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Same-Sex Couples Face Discriminatory Lending Practices

Members of the LGBTQ community face the same barriers all others face when trying to buy a home: high prices, rising loan costs and saving for a downpayment.

But a new academic study published recently in the Proceedings of the National Academy of Sciences (PNAS) found that the LGBTQ community still faces discriminatory practices by at least some lenders.

The research found that same-sex couples are significantly more likely to be denied mortgages than those of different sexes of the same means and financial worthiness. When they were approved, moreover, they were saddled with worse terms.

Same-sex couples were 73 percent more likely to be rejected than heterosexual couples, according to an Iowa State University Ivy College of Business analysis. The study looked at home loans granted over a quarter of a century between 1990 and 2015.

On average, those same-sex couples who passed muster paid between 0.02 percent to 0.2 percent higher interest rates than heterosexual borrowers. The difference, the authors said, adds up to as much as $8.6 million to $86 million a year.

The report, “Lending Practices to Same-Sex Borrowers,” argued that the data provides further evidence for the need for an update of civil rights legislation. The House, in mid May, approved legislation that updates the Civil Rights Act of 1964 by explicitly extending the ban on discrimination of classes of people to the LGBTQ community in areas that include housing, credit, employment, public education, federal funding and the jury system.

The National Association of Realtors (NAR) is among nearly 500 associations who have supports the legislation.

Last year, the National Association of Gay and Lesbian Real Estate Professionals (NAGLREP) celebrated the 50th anniversary of the Fair Housing Act (FHA) — even though the LGBTQ community was still not explicitly protected from discrimination under the law. The group has 2,300 members in 34 chapters nationally.

A survey that it conducted in partnership with Freddie Mac found that, among other concerns, 20 percent of potential LGBTQ buyers fear not being approved for a mortgage, and 13 percent worry they will not be offered the lowest available rates.

The authors of the PNAS study said that their findings indicate a need to include sexual orientation as a protected class in both the FHA and the Equal Credit Opportunity Act. Those laws prohibit discrimination on the basis of race, color, religion, sex or national origin but do not specifically mention sexual orientation.

“Policymakers need to guarantee same-sex couples have equal access to credit,” said co-author Hua Sun, Ivy College of Business’ associate professor of finance. “Using our framework, credit monitoring agencies also can take steps to investigate unfair practices.”

Co-author Lei Gao, an assistant professor at the school, pointed out that while lenders are permitted to charge different rates for different levels of risk, the pair found no evidence to support the dichotomy of fees charged between same-sex couples and their heterosexual counterparts. “In fact,” he said “our findings weakly suggest same-sex borrowers may perform better.”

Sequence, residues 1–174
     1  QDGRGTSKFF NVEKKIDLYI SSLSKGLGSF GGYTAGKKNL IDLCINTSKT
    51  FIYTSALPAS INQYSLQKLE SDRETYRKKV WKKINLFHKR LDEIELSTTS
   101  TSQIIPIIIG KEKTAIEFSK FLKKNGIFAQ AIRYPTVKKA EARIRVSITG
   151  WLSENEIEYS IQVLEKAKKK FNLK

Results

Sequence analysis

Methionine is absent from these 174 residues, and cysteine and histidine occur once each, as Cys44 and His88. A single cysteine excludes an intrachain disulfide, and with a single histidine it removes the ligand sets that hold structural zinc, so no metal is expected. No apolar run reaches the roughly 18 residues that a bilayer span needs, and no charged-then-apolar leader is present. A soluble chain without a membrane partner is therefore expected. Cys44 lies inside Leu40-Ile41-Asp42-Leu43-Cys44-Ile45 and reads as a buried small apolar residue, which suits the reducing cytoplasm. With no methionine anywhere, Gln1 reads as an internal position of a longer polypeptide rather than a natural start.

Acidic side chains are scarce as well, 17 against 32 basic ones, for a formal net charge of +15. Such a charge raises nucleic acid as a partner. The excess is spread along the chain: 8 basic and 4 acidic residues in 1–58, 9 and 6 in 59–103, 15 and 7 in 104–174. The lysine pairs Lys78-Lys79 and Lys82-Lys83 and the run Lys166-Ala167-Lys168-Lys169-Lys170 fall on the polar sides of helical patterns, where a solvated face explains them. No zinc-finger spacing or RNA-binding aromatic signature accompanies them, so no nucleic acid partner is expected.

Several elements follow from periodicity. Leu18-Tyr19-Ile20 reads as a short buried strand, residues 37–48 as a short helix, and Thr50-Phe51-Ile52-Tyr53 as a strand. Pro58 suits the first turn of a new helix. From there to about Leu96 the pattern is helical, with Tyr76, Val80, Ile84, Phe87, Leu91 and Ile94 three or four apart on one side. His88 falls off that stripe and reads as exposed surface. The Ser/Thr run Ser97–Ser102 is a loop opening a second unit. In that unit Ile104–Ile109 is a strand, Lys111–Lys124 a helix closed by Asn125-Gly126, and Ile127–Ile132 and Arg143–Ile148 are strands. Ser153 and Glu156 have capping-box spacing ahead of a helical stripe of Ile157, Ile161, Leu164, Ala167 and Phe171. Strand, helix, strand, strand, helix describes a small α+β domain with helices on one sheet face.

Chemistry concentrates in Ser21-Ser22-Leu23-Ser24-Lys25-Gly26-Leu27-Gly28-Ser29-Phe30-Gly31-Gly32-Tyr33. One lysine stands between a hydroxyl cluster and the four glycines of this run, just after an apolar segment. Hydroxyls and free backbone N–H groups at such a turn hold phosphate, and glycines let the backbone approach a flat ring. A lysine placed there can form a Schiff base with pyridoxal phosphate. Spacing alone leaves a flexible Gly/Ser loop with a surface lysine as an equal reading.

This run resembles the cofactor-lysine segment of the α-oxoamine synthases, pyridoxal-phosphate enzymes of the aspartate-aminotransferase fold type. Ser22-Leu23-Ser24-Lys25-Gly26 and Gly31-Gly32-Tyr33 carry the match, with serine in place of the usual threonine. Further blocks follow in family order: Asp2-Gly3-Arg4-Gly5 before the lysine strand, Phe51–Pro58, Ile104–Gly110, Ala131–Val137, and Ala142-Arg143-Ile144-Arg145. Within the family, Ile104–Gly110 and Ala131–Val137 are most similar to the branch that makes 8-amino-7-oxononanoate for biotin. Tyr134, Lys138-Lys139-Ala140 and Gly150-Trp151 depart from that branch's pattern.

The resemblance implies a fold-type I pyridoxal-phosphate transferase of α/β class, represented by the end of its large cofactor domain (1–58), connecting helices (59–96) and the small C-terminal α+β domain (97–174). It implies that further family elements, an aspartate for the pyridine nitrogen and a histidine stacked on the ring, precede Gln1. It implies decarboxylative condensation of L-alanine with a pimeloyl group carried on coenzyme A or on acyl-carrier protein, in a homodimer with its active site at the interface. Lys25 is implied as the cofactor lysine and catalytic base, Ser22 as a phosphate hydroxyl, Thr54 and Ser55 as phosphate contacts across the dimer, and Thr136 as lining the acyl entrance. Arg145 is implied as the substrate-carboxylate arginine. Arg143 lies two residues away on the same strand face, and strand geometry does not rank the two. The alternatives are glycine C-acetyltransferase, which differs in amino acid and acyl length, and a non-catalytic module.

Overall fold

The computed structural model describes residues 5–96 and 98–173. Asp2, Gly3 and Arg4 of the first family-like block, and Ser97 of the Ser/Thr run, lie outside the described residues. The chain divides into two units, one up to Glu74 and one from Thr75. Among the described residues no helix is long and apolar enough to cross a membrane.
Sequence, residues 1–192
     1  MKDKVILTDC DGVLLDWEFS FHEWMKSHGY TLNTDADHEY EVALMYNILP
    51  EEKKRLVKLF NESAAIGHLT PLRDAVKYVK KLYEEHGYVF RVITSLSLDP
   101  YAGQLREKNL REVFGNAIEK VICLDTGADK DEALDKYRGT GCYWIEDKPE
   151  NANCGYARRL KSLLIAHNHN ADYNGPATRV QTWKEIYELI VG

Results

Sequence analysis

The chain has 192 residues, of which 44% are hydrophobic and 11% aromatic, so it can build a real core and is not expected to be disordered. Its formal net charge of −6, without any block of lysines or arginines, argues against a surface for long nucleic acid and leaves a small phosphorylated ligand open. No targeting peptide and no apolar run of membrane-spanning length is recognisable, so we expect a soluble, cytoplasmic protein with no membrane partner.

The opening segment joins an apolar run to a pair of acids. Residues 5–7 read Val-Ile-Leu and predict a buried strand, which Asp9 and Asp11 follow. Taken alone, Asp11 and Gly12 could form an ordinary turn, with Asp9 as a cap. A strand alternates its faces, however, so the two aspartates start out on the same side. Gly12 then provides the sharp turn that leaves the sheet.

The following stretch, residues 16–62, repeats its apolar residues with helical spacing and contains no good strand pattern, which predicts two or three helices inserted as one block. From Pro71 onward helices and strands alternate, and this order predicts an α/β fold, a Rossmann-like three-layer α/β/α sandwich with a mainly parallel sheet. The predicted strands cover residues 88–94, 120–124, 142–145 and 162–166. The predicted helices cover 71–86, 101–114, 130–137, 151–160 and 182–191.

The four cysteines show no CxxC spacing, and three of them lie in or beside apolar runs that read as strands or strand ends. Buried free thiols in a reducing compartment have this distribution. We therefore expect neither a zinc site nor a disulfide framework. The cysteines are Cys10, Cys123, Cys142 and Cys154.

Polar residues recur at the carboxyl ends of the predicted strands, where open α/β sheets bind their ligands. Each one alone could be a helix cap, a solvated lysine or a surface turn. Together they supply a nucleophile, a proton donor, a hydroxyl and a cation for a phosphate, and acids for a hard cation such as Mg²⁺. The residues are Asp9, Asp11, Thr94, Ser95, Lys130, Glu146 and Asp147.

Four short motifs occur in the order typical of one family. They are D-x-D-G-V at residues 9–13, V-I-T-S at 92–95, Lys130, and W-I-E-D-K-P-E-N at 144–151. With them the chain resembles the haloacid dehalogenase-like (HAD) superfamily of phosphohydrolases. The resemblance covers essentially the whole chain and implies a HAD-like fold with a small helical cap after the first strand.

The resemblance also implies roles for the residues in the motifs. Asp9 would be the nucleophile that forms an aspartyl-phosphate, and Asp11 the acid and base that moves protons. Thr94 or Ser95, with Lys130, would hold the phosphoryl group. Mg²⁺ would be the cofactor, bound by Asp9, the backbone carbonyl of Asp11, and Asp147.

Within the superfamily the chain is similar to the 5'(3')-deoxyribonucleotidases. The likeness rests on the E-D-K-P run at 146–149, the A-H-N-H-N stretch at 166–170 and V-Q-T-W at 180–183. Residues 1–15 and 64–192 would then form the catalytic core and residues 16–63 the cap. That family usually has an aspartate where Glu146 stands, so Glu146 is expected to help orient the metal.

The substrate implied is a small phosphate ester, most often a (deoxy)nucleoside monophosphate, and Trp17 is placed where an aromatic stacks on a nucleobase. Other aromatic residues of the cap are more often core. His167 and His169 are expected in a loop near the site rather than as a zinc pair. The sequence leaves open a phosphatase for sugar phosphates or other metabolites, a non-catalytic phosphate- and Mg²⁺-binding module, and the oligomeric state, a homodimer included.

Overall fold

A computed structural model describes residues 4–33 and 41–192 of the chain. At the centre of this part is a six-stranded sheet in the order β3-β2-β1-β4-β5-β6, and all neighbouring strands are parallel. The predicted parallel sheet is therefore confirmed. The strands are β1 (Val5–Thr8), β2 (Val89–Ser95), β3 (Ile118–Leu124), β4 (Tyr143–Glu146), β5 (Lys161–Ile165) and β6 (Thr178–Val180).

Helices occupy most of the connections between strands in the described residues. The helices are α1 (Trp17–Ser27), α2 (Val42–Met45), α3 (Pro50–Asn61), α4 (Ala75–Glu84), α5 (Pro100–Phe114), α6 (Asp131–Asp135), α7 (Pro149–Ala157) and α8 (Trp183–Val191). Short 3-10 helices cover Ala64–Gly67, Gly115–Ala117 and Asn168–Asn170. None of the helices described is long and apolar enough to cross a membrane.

Because borrowers are not required to disclose their sexual orientation, the researchers identified same-sex couples as co-applicants of the same gender and used data from the Census Bureau and Gallup to verify their method.

The authors’ model also predicted that had the same-sex couples who were rejected by lenders been heterosexual, their turndown rate would have been something like 11 percent, slightly less than half what it actually was.

Furthermore, they found that the more same-sex couples lived in a particular neighborhood, the more difficult it was to obtain financing, not just for the LGBTQ community but for everyone.

This, despite the finding that LGBTQ families are often better credit risks. While both LGBTQ and heterosexual communities default about equally, same-sex couples are more likely to pay off their loans more quickly, or at least make their payments earlier, the study found.

“This pattern of brokerage is discriminatory, consequential, irrational and has a negative impact that goes beyond the targeted group,” said Professor Peter Hegarty of the University of Surrey’s Department of Psychological Sciences in the United Kingdom in a commentary accompanying the PNAS article. “San and Gao do not use the word, but this looks exactly like the behavioral expression of what psychologists call prejudice.”

Virginia Sen. Tim Kaine (Democrat) and Maine Sens. Susan Collins (Republican) and Angus King (Independent) have introduced bipartisan legislation that would add gender and sexual orientation to the list of protected classes under the FHA.

“All Americans deserve fair and equal opportunity in the sale, rental or financing of housing,” Collins said.

“No one should be denied access to this vital resource because of who they are,” said King. The fact that gender and sexual discrimination is not banned under the law is “wrong, plain and simple.”

Currently the ownership rate in the LGBTQ community is at 49 percent versus 65 percent for the country as a whole.

Members responding to NAGLREP’s poll about homeownership in the LGBTQ community have a wide range of opinions about when those rates of ownership will rise. Forty-three percent believe that the rate will reach at least 55 percent in two to three years, and another 43 percent believe that it will take five to 10 years to get there.